Story-telling Interview with Fitch O’Connell

I love it when different aspects of my work come together, and various strands of influence and inspiration meet in one multi-conceptual project. This is what it feels for me to be interviewing Fitch O’Connell as part of my contribution to the English Language Teacher-Training MOOC on WizIQ.

My topic is ‘The Psychology OF Story-telling in ELT’. I was preparing the finishing touches on my presentation when I saw Fitch O’Connell posting about his new book on facebook. Inspiration just walloped me on the head there & then, and I knew that it would be magical for us to learn more about Fitch’s insights, story-telling work, experiences and outlook on life.

The more I work to create, search and discover the heart of teaching and learning, the clearer it is to me that we must meet the minds of trail blazers who have paved the way before us. This keeps inspiration alive and shifts the realms of possibility around us. The more inspired we are, the more this will spread to our students. Enjoy this interview with Fitch O’Connell and feel the magic of spirit, life and rapport inherent in the wonderful world of story-telling.

I will post my pre-class question at the end of the interview.

Fitch in story-telling mode

1) Story-telling in ELT is very important to me and you are one of my main inspirations. Your BritLit and Word powered initiatives have set precedents in ELT for an organised approach to literature and creativity in the classroom. However, your writing style is what I most admire.

Who is/was your inspiration for making ELT more creative all over the world?

There are two distinct ways I can answer that. The first involves the way that I was taught myself by a couple of highly motivating teachers from my school days, which made most aspects of learning so engaging and so rewarding that it put the majority of my teachers to shame (both teachers taught English, coincidentally) and consequently this led to the way that I tried to teach in my early days in state schools and later in ELT. Analysing the approach that these inspirational teachers had on me, I recognise that they knew they were teaching children rather than teaching English, and they involved us, the students, in the process. We were treated as contributors to the process – we were all involved (albeit at different levels) in our education, teachers and students alike – and consequently we gained a sense of ownership about what we were doing. I loved that, and I wanted it to happen with my classes when I started teaching. Often, though, the course books and other materials we are obliged to work with restricts our ability to do that so I had to create a lot of my own stuff, and eventually I tended to abandon course books and the like (in spite of howls of protest from the bosses) and use only new materials – often created for one use only, for a specific class at a specific time. I was often inspired by the pioneering work of Alan Maley in this quest. But that only explains what I did, for my own classes. The inspiration for widening the scope came initially from a body of Portuguese state school teachers from APPI (the national teachers association) who wanted a new approach to the problem, as they saw it, of ‘extensive reading’ in language teaching and who were prepared to work with me to see what we could come up with. I worked with a small group of these teachers as well as many one-off ‘contact’ groups around the country and we tried out various approaches. The result was the BritLit project, which seems to have gained a lot of attention.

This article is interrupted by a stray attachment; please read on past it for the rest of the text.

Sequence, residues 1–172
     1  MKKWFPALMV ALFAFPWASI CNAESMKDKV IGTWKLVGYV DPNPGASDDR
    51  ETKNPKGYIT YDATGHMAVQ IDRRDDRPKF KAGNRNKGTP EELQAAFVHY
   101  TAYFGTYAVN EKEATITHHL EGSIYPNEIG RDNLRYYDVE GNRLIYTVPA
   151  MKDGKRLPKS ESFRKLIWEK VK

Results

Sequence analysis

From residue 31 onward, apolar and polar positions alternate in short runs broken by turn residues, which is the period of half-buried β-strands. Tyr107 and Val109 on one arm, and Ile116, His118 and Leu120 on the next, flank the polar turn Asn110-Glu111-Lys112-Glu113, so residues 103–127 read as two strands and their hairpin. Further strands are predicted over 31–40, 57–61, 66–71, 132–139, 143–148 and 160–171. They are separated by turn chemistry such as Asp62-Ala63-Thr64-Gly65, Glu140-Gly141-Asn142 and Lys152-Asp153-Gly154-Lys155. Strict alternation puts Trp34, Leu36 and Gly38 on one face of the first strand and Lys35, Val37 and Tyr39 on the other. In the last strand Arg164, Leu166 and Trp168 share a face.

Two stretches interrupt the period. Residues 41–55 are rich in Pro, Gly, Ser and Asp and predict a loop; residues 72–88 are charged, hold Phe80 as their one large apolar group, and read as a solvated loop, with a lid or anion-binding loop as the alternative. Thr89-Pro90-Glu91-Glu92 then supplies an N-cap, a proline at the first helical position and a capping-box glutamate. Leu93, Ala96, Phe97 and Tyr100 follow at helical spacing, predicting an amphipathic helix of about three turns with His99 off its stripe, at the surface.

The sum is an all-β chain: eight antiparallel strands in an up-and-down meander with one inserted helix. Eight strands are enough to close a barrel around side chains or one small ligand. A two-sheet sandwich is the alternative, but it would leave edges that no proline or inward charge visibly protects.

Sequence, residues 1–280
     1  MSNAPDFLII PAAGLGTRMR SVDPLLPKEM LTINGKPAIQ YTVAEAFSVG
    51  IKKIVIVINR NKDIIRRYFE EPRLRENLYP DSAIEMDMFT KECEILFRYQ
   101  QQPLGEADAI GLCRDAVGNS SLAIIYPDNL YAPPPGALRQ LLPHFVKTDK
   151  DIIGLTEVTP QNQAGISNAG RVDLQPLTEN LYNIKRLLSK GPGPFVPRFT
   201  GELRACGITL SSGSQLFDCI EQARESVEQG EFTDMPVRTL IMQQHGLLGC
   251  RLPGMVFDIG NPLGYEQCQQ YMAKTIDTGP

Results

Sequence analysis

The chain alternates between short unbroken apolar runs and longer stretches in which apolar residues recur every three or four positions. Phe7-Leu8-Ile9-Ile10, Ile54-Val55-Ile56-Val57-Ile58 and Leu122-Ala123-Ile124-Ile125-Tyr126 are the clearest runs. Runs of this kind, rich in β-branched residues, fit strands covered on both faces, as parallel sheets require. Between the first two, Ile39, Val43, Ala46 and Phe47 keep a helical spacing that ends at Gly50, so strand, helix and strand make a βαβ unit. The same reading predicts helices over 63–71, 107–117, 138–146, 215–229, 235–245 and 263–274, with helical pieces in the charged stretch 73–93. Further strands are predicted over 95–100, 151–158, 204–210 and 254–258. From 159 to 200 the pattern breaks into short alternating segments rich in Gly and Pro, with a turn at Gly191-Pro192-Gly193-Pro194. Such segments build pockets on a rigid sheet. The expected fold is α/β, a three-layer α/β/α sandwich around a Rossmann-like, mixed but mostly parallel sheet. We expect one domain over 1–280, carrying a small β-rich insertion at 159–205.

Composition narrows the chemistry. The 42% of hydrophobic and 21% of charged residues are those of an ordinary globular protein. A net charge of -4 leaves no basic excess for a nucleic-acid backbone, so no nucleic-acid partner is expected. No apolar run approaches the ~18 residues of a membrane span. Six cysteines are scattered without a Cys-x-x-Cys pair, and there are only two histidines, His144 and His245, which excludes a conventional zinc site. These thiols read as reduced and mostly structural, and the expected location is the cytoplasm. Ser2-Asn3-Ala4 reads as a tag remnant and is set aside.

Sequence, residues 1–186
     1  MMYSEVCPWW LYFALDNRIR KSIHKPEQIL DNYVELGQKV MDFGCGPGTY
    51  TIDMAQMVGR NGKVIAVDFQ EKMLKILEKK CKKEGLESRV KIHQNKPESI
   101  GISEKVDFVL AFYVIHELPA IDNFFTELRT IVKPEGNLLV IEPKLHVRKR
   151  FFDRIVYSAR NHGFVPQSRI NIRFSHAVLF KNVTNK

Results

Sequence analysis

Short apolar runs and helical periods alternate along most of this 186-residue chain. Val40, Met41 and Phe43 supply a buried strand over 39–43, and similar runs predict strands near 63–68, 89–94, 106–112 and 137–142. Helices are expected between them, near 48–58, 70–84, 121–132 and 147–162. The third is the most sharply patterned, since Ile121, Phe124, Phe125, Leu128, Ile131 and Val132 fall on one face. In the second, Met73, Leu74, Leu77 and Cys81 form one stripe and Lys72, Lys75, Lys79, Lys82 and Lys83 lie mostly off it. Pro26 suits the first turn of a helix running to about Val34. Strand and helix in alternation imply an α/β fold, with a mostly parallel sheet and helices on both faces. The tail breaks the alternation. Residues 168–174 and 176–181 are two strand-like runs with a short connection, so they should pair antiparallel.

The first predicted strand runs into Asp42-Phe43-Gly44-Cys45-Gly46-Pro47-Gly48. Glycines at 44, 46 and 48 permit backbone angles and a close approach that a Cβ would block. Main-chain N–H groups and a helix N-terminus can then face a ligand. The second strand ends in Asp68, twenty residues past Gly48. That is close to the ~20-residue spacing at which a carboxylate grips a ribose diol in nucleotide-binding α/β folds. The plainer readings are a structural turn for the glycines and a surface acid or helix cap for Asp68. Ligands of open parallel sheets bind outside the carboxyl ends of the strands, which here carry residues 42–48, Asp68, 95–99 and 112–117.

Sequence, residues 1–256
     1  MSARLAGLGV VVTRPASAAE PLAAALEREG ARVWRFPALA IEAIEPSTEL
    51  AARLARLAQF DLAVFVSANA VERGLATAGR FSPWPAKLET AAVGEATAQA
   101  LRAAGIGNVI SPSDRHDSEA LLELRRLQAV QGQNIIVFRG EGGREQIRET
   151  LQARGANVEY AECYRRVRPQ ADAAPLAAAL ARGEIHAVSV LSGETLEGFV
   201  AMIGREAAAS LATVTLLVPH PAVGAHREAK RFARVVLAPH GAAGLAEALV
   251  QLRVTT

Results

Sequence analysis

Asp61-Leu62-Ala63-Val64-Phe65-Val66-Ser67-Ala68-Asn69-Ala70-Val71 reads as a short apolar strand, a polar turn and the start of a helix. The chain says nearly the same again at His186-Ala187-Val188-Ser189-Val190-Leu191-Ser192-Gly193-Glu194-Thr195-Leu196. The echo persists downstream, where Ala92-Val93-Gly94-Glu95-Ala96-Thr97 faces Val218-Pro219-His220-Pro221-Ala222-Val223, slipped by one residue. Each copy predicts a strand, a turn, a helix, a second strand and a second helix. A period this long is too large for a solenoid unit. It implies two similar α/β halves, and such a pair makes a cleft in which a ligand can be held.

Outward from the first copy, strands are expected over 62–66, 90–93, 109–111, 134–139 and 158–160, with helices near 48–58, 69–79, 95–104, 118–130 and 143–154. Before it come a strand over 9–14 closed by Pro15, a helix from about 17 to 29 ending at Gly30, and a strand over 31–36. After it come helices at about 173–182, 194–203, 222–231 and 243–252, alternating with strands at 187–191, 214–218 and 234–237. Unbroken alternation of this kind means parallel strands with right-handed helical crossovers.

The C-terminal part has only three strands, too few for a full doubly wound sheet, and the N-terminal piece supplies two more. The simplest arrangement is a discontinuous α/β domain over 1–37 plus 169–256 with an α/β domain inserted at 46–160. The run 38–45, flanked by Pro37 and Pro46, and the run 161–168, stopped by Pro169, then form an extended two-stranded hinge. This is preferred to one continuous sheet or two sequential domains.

Fitch and writer Melvin Burgess when they did a series of amazing events together with kids and teachers at the Hay Festival in Segovia, Spain

2) Can you share one idea to encourage teachers everywhere to enhance their own creativity as teachers and content developers?

It’s very easy to get caught up into a process of process and dull routine and this goes for content development as much as anything else. For me, I am always looking for the idea that makes my heart beat just a little bit faster, that seems just slightly loopy, or unusual, or – often – just fun. I suppose the message is ‘go one step further than you’ve been before’ every time you are developing. Don’t be afraid of the unknown. Often, that which now might appear useful but fairly routine was once a novel, untried idea. Go for it!

3) How does story-telling increase emotional intelligence, which, in turn, enhances language acquisition?